Designing Asynchronous Discussions to Teach Critical Thinking

Designing Asynchronous Discussions to Teach Critical Thinking

John Miller (National University, USA)
DOI: 10.4018/978-1-60566-654-9.ch018
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Abstract

A central component of constructivist pedagogy at the college level is the modeling and practicing of critical thinking, and since Socrates, discussion has been the basic vehicle for accomplishing this. Advocates of online teaching have argued that the written and asynchronous nature of online discussions enhance its ability to teach critical thinking. Unless online discussions are properly designed, however, these apparent advantages may in fact have the opposite effect. This chapter sets forth six basic principles for designing online discussions that model and shape critical thinking experiences for students, and illustrates them with examples from two different online college literature classes.
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Online Discussion And Critical Thinking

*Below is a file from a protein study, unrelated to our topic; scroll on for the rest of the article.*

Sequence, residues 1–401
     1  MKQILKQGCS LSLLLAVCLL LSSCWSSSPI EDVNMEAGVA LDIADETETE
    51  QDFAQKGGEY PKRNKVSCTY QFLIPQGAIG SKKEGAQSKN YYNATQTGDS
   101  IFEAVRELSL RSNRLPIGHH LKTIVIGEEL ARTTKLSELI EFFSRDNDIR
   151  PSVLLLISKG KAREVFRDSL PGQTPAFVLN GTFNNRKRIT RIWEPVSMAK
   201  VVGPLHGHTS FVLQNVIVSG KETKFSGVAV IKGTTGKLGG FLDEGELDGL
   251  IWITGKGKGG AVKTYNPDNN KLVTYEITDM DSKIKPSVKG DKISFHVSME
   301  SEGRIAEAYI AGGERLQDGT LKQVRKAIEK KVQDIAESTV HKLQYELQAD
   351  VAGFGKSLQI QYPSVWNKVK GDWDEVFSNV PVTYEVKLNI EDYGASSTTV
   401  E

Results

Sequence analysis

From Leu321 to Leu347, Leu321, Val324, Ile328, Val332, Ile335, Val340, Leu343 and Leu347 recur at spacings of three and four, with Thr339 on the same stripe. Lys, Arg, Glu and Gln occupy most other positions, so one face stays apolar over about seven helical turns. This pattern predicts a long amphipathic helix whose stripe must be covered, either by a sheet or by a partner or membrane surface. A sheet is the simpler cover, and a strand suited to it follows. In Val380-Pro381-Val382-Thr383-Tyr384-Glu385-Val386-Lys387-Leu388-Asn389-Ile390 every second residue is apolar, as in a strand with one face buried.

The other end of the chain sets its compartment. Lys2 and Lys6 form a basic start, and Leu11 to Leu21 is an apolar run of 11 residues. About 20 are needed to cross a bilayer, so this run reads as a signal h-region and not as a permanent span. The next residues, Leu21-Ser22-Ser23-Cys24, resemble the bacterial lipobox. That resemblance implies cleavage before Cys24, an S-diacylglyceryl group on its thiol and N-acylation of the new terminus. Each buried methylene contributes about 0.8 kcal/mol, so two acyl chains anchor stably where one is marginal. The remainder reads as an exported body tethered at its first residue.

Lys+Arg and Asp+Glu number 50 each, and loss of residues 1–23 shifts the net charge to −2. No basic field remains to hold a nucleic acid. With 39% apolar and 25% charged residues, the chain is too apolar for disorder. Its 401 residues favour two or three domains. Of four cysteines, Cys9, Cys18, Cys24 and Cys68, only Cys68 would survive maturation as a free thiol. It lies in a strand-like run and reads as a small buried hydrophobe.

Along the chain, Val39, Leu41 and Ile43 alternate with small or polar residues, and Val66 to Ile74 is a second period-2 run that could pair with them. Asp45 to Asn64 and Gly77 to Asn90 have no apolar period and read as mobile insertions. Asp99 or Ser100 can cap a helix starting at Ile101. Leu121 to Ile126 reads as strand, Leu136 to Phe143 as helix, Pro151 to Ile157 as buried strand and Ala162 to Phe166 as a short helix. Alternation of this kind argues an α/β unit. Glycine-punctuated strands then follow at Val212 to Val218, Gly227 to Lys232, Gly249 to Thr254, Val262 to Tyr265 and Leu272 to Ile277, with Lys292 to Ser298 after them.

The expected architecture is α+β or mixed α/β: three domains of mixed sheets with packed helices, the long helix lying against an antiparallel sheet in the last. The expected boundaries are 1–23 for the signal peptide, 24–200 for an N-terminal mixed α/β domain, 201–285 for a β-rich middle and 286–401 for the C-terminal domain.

Many early advocates of online instruction argued that one of its defining features, asynchronous discussion, had the potential to combine the learning benefits of discussion with the advantages of a written medium. Because students have time—often days—to formulate their responses to discussion prompts, their contributions to discussions tend to be more thoughtful and coherent than those of students asked to respond on the spur of the moment, and under a certain degree of social pressure, in a classroom. Students can avail themselves of the precision and structural devices of writing to compose their thoughts completely and precisely, with clarity, complexity, and nuance that would not be possible in a classroom discussion. Kaye (1989), for example, argued that student contributions to asynchronous discussions “are often more thoughtfully composed because of the text-based nature of the medium”; he found the medium therefore particularly appropriate for teaching in disciplines which try to encourage students to learn through “discussion and debate” (p. 11). Harasim (1990) claimed that the “need to verbalize all aspects of interaction within the text-based environment can enhance such metacognitive skills as self-reflection and revision in learning” (p. 49), and Cooper and Selfe (1990) made similar arguments in their pioneering study of the use of computer conferencing in literature classes.

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